All eyes will be now trained on Sunday’s free technique sprints in Drammen, the final world cup event before the start of the VM in Oslo next week.

Full results HERE.

The Sasseville Report – A Look at the Otepaa WCup

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January 25, 2011 (Barrie, ON) – It was so good to see a “traditional” cross-country ski race on Saturday from Otepaa. The 10 and 15km individual start classic races were great to watch. I grew up with this form of racing and it’s what attracted me to the sport in the first place. For me racing against the clock and yourself with no one to help you is the purest form of racing. I used to argue with cycling road racers about the merits of racing by yourself or in a pack, and we agreed that it takes a different kind of mentality to do these two types of races.

You can really see this in Petter Northug (NOR). He’s a pack racer and a sprinter with the perfect mentality and physiology for those types of races. He’s not nearly as good as an individual start competitor. His 8th place on Saturday in Otepaa was actually a good race for him. I believe that 20 years ago, he would not have nearly as many good results that he has achieved when most of the races were individual starts. I also do not believe that his compatriot, the great Bjoern Dahlie, would have been as good back then if they were using mass starts because he did not have a very good sprint. Most of his races were won long before the final 200 meters.

However the same cannot be said for Norway’s queen, Marit Bjoergen. She is the best at everything. She can win an individual start by over 30 seconds like she did on Saturday and also win mass start races and sprints. She is just so dominant that it has become a surprise when she does not win. Once again, on Sunday in the individual sprints, for the second week in a row she had problems with another skier and did not make it into the final.

The distance course in Otepaa is a very tough course. The 5km loop is very hilly with one big hill that goes up beside the ski jump seemingly from the bottom to the top. The last 200 meters feature 13%-plus grade and all of the skiers had to herringbone. To win on a course like this you need great fitness, great technique, great mental strength and you need to pace properly. Bjoergen had all of these and won easily.

Justyna Kowalczyk (Poland) and Teresa Johaug (Norway) also showed great skills. Kowalczyk is in great shape and very strong mentally and Johaug is the best female climber in the world. That these three women finished one, two, and three is no surprise.

The men’s 15km race was won by Elder Roenning because he paced it better than anyone else, especially fellow Norwegian Martin Johnsrud Sundby who was the leader at 10km but faded to 7th. Daniel Rickardsson of Sweden and Maxim Vylezghanin of Russia also showed great fitness and pacing to finish 2nd and 3rd. It shouldn’t surprise anyone that Andrus Veerpalu finished 5th on his home track even though he is 40 years old. He is the master of the 15km classic having won two Olympic gold medals at that distance. He also does not like the mass start races with a sprint at the end and I’m sure that this race format was set up especially for him.

While the individual distance course was a true test of the skiers the classic sprint course from Sunday was not. There were not enough hills in this course so instead of watching a classic sprint race we got to watch a double pole sprint race. Yuck! I hate it when this happens – it’s like going to watch a hockey game and all they do is fight.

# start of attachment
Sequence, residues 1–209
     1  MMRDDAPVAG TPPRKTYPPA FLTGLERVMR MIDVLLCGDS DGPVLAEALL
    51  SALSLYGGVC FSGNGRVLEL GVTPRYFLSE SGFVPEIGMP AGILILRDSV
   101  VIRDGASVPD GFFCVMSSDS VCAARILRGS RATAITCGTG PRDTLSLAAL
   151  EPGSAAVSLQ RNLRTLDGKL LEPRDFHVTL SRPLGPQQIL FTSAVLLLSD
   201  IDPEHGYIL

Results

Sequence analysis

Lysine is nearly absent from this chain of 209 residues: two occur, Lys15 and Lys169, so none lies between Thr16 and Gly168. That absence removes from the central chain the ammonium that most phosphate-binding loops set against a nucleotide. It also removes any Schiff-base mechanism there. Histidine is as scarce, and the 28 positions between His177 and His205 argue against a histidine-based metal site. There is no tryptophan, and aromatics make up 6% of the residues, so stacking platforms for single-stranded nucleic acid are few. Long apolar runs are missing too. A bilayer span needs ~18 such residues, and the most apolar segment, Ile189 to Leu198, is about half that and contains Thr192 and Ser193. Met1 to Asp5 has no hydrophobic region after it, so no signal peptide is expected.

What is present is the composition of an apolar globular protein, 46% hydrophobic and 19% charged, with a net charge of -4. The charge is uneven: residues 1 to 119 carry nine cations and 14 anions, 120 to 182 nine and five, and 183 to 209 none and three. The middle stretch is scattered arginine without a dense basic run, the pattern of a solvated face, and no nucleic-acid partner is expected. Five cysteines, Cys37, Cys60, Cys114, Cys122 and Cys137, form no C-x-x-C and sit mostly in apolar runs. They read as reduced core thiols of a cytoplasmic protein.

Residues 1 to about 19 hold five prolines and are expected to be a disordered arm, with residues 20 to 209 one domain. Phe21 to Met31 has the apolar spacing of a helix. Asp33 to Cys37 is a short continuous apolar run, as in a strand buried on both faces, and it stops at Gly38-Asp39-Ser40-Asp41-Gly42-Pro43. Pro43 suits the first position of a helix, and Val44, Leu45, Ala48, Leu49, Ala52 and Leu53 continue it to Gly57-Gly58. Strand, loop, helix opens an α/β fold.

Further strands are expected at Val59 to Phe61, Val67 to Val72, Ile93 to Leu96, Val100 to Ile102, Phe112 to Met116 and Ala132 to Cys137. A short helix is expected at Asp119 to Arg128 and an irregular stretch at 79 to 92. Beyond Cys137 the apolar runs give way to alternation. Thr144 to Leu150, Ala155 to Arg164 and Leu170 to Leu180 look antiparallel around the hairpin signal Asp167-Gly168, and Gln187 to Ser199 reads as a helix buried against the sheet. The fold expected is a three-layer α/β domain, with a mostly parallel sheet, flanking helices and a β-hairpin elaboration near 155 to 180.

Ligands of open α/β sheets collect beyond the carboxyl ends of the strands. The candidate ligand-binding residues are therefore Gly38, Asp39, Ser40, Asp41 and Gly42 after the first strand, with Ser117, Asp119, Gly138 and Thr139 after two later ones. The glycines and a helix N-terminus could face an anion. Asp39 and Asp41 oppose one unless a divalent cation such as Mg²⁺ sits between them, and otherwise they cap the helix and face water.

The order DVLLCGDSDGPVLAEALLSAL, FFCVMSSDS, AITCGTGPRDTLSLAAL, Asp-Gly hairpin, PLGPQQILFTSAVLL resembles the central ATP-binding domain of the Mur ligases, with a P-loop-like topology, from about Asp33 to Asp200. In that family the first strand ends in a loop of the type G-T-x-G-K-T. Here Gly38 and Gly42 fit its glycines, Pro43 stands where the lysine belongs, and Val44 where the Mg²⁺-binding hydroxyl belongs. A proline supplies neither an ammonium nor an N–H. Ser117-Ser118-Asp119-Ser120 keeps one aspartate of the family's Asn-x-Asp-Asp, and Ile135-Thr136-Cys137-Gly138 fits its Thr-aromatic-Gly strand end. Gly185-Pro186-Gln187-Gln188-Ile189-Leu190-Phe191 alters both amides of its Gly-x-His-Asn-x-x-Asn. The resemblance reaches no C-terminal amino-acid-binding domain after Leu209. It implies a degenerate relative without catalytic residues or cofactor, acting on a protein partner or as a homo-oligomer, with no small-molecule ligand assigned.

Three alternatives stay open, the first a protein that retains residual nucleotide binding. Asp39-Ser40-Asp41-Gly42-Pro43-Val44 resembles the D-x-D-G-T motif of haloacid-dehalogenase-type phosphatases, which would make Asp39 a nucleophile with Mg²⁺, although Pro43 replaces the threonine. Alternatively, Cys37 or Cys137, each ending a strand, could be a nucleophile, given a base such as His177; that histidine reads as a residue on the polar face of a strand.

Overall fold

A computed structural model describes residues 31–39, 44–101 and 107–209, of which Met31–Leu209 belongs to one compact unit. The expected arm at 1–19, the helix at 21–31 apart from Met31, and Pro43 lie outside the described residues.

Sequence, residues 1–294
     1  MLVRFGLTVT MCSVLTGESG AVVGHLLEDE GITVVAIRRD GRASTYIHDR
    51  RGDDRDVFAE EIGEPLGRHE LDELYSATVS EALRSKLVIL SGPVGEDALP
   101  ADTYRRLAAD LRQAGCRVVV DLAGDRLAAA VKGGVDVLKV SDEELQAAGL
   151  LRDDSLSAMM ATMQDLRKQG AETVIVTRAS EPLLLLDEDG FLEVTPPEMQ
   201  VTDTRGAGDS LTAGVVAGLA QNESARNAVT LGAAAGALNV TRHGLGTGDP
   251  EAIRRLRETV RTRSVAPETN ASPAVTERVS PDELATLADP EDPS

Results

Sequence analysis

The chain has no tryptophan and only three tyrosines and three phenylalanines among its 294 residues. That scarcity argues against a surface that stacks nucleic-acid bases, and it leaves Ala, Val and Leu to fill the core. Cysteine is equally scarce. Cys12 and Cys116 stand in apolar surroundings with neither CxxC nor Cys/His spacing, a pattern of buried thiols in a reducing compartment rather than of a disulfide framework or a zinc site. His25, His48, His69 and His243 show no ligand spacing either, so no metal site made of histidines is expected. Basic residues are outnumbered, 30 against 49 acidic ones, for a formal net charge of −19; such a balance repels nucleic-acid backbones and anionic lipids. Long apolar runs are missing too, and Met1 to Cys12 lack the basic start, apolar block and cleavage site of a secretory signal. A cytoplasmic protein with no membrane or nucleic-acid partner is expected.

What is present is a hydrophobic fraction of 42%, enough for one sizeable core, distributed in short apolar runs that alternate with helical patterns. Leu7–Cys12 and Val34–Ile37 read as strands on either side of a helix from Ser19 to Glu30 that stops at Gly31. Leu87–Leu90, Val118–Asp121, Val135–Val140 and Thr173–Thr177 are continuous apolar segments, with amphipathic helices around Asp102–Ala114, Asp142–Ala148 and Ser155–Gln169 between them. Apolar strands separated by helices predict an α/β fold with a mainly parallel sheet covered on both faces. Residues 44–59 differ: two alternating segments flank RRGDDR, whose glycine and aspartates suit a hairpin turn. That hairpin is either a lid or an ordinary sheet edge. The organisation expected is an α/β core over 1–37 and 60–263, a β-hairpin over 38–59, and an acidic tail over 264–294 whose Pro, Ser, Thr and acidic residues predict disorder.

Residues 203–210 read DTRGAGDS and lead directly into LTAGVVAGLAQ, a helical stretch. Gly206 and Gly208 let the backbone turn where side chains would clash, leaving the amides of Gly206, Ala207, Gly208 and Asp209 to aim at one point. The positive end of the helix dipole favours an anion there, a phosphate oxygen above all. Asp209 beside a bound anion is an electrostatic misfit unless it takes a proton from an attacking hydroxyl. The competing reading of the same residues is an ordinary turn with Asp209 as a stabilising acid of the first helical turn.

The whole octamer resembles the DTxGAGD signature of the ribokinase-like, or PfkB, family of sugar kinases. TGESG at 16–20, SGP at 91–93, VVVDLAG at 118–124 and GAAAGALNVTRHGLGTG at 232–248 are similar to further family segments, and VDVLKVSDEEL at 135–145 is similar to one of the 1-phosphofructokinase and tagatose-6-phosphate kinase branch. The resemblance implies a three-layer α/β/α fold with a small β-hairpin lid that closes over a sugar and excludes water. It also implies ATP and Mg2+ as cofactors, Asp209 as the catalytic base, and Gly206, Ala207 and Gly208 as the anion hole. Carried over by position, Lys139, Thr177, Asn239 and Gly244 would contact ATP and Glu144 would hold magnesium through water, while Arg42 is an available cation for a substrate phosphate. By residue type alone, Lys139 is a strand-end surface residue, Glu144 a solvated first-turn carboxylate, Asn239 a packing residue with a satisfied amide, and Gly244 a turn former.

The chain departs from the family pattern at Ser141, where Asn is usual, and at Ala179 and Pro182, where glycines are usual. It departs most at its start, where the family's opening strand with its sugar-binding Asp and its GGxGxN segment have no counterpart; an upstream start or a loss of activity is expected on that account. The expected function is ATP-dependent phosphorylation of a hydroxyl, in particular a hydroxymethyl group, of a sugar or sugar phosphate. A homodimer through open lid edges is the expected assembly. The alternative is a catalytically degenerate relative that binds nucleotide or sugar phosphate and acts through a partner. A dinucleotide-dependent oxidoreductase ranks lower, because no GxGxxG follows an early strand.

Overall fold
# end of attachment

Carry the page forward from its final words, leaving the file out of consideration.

So, once again, with all six men in the final only double poling someone you have never heard of before – Eirik Bransdal of Norway won. Back in 2008 the same thing happened in Canmore where Bjoern Naess from Norway won. FIS tried to fix this by forcing race organizers to change the courses (they added a big hill in Vancouver to the sprint course) and we’ve never heard of Naess since. It’s a shame, really, because Otepaa obviously has the hills to make a good course. The ironic thing is that the Norwegians have been trying for years to preserve classic technique from the onslaught of skating and you would think that the head of the World Cup committee, Vegard Ulvang, who is Norwegian, would not want to have double pole only classic races. The other ironic thing is that Norwegians keep winning these kinds of races.

The female sprinters used all of the classic techniques in their race and the best classic sprinter in the world – Petra Majdic of Slovenia – won convincingly over last year’s World Junior champion, Hanna Brodin from Sweden, and Maikan Falla of Norway. Brodin will be staying in Otepaa for another week to contest the U23 World championships and she has to be the favourite to win the sprints next weekend.

Dasha Gaiazova had the best result of her career finishing 8th. She continues to improve, especially in sprinting and she has taken over the #1 spot on the Canadian women’s team. Chandra Crawford finished 27th after qualifying 17th. Her qualifying time was almost 3 seconds closer to the top time than what she did in Vancouver, so she is improving. However, she is still 6 seconds slower than the best classic sprinters so there is still plenty of room for improvement.

There were no Americans at Otepaa this weekend and the rest of the Canadian skiers were all young skiers who were there for experience and to race on the same courses that they will use next weekend for the U23 World Championships. The best results from these young skiers were the 31st place by Len Valjas (he missed qualifying for the heats by .02 seconds) and a 33rd by Alysson Marshall, also close to qualifying in the sprints.

There are no World Cup races next weekend because of these U23 World Championships which held in conjunction with the World Junior Championships. Both Canada and the United States have full teams at these events. The World Cup continues on February 4-6 in Rybinsk, Russia with a full weekend of pursuit, sprint and relay races.